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The time to question the US presidential election and its consequences is over, and all ten former Secretaries of Defense wrote in a powerful editorial released on Sunday.
Ten men from both Republican and Democratic governments said, “Our elections were held. Recounts and audits were conducted. Appropriate issues were addressed by the courts. The governor proved the results. The electorate voted. ”
“It’s time to question the outcome. It’s time to officially count the votes of the Electoral College as stipulated in the Constitution and statutes,” they said.
A group of bipartisan leaders Washington post President Trump continues to deny the election defeat to Joe Biden in the presidential election. On Saturday, Trump even pressured Georgian Secretary of State Bradla Fenceparger to “find” a vote to overturn his defeat during Saturday’s hour-long phone call.
Former Secretary of Defense Ashton Carter, Dick Cheney, William Cohen, Robert Gates, Chuck Hagel, Leon Panetta, William Perry and Donald Rumsfeld signed the opinion.
The heads of the two Pentagons who served under Trump—Jim Mattis and Mark Esper—also signed the work. Trump removed Esper in November as part of a major Pentagon shakeup.
The editorial comes as some Republicans in Congress plan to formally oppose the certification of the presidential election results on November 3 this week.
Since the vote, Trump and his attorney have repeatedly asserted false allegations of fraudulent voting and, without evidence, blamed his loss to Biden for widespread irregularities. But his allegation that the elections were stolen led to speculation that Biden could somehow use his army to stay in power after his inauguration on January 20th.
The ten signatories have revealed that any effort involving the US military in resolving election disputes will take the country “to a dangerous, illegal and unconstitutional territory.”
They said, “Civilian and military officials who direct or implement such measures will be liable for the significant consequences of their actions against our republic, including the possibility of facing criminal penalties. I wrote.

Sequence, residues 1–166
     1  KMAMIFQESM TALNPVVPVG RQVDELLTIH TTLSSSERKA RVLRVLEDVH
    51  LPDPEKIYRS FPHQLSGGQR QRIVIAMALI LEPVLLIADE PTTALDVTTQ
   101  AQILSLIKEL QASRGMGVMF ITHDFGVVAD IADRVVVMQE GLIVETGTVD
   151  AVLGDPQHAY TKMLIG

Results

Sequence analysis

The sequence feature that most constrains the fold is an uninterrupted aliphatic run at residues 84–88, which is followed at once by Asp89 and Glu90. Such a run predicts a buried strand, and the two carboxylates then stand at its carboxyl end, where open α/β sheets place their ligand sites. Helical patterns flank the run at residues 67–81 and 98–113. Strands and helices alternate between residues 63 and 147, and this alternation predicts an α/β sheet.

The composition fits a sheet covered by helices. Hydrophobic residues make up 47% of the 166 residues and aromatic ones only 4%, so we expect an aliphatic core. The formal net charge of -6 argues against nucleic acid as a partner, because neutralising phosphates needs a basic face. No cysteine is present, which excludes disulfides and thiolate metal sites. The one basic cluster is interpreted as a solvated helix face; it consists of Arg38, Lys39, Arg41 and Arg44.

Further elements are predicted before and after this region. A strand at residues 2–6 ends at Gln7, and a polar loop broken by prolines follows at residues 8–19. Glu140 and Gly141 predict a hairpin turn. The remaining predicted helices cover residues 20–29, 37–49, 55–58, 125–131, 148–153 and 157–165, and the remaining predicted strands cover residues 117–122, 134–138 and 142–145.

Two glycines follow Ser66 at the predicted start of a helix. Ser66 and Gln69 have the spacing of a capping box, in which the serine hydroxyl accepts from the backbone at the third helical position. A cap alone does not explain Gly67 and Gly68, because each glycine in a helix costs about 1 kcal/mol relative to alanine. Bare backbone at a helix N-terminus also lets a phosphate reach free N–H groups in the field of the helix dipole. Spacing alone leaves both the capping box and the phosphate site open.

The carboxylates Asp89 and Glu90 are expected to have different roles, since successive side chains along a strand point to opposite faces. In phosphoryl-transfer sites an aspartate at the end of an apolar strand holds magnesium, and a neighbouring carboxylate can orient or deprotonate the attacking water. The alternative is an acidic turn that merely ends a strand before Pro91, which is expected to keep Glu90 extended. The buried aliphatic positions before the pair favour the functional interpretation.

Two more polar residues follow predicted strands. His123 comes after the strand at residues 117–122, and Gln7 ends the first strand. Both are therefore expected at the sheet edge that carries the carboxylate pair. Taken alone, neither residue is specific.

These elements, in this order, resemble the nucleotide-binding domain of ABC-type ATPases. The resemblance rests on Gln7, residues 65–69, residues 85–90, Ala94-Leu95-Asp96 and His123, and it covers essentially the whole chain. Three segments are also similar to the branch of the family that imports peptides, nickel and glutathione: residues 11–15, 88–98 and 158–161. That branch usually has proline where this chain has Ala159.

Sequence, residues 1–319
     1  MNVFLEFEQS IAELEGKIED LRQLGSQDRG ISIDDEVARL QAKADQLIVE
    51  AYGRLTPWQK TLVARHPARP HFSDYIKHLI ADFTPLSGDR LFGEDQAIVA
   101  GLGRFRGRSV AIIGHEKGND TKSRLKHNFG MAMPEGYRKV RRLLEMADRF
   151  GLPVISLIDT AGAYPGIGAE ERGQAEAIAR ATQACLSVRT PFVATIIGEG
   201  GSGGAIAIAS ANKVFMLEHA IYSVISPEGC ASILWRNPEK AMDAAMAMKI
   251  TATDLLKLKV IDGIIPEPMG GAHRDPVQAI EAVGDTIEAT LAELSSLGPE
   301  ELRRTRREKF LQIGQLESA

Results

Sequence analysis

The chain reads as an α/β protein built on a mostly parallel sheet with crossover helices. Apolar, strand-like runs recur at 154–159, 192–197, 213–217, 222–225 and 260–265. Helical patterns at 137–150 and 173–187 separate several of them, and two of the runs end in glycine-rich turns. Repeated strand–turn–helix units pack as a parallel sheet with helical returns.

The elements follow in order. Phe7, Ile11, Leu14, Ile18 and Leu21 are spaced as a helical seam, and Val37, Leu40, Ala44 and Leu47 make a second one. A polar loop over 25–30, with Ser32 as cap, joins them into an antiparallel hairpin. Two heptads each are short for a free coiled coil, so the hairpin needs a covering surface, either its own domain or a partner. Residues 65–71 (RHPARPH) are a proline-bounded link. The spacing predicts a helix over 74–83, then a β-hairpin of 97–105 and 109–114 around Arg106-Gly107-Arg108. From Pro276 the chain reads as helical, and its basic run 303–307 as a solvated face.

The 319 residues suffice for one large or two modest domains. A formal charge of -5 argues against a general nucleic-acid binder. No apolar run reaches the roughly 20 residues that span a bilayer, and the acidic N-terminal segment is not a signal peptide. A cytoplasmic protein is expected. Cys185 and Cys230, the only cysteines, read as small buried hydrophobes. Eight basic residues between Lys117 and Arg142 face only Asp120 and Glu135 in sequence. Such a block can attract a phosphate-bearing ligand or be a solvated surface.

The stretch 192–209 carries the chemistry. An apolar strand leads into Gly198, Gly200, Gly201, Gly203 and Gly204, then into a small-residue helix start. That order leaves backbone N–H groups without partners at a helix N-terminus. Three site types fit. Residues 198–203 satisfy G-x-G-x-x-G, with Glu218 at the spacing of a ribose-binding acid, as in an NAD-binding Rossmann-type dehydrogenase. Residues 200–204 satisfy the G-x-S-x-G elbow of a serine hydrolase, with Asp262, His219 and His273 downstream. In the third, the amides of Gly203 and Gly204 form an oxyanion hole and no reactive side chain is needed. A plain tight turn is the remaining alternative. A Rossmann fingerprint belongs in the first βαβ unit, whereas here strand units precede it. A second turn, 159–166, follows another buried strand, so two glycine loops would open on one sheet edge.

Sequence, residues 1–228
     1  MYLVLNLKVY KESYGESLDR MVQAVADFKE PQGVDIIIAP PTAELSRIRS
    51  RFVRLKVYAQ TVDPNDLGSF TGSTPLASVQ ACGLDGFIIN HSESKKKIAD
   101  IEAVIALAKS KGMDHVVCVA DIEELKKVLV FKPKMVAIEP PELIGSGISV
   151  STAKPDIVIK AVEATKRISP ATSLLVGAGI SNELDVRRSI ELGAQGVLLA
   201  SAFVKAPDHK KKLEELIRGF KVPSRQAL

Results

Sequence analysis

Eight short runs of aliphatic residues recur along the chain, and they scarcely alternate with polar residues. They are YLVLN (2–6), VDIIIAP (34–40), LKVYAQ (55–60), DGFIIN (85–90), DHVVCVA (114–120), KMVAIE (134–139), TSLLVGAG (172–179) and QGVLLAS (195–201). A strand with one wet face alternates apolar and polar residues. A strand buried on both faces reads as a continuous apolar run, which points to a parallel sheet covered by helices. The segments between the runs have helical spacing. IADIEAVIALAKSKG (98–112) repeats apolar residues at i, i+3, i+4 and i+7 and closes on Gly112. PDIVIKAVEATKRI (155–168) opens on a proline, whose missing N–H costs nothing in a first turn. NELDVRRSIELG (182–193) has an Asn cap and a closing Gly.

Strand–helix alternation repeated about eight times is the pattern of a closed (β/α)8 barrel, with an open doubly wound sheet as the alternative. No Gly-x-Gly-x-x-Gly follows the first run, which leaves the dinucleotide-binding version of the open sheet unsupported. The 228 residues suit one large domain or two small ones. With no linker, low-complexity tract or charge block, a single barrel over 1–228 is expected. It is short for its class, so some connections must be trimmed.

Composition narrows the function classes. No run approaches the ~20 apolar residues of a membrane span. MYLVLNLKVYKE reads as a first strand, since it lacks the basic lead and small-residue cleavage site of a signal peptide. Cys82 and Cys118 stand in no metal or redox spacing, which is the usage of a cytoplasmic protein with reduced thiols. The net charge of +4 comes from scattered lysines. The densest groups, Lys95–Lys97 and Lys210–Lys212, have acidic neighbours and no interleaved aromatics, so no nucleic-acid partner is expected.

Former Secretary of Defense Perry, who served under President Bill Clinton, wrote the idea for the statement on Twitter. It originated from Republican Cheney, who served as Vice President under President George W. Bush, and President George HW Bush, who served as Secretary of Defense.
“Each of us vowed to uphold and defend the Constitution against all enemies at home and abroad. We didn’t pledge it to individuals or parties,” Perry repeatedly tweeted.
The idea for this statement actually came from Vice President Dick Cheney.
Each of us has vowed to support and uphold the Constitution. The oath does not change with the designation of the political party. https: //t.co/NSsdLkZX9g
— William J. Perry (@ SecDef19) January 4, 2021
In the conclusion of the editorial, the former secretary also appears to address Biden’s claim that his transition team faced obstacles posed by the Trump White House when meeting Pentagon leaders prior to his inauguration. It was.
“Deputy Secretary of Defense Christopher C. Miller and his subordinates (political appointees, officers, civil servants) are each bound by oaths, laws and precedents to promote and wholeheartedly take office “There are,” they wrote. “They must also refrain from any political action that undermines the outcome of the election or impedes the success of the new team.”
Former Secretary of Defense says US elections are over and calls for a change of power: NPR
Source link Former Secretary of Defense says US elections are over and calls for a change of power: NPR